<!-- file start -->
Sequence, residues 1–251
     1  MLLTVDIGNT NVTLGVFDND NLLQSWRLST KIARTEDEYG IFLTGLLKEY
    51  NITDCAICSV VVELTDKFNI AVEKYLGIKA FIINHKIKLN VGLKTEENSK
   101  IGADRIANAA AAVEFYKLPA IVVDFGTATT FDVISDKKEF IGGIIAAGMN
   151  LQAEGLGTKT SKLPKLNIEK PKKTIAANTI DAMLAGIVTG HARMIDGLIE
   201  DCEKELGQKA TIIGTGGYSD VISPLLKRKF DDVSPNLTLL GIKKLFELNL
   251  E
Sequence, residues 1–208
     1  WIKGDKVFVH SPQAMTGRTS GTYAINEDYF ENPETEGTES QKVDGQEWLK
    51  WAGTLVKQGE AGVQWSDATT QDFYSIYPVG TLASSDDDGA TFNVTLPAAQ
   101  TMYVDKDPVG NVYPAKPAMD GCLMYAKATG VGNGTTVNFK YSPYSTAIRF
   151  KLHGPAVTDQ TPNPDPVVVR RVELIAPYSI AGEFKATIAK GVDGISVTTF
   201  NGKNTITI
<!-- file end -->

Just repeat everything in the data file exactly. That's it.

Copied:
Sequence, residues 1–251
     1  MLLTVDIGNT NVTLGVFDND NLLQSWRLST KIARTEDEYG IFLTGLLKEY
    51  NITDCAICSV VVELTDKFNI AVEKYLGIKA FIINHKIKLN VGLKTEENSK
   101  IGADRIANAA AAVEFYKLPA IVVDFGTATT FDVISDKKEF IGGIIAAGMN
   151  LQAEGLGTKT SKLPKLNIEK PKKTIAANTI DAMLAGIVTG HARMIDGLIE
   201  DCEKELGQKA TIIGTGGYSD VISPLLKRKF DDVSPNLTLL GIKKLFELNL
   251  E
Sequence, residues 1–208
     1  WIKGDKVFVH SPQAMTGRTS GTYAINEDYF ENPETEGTES QKVDGQEWLK
    51  WAGTLVKQGE AGVQWSDATT QDFYSIYPVG TLASSDDDGA TFNVTLPAAQ
   101  TMYVDKDPVG NVYPAKPAMD GCLMYAKATG VGNGTTVNFK YSPYSTAIRF
   151  KLHGPAVTDQ TPNPDPVVVR RVELIAPYSI AGEFKATIAK GVDGISVTTF
   201  NGKNTITI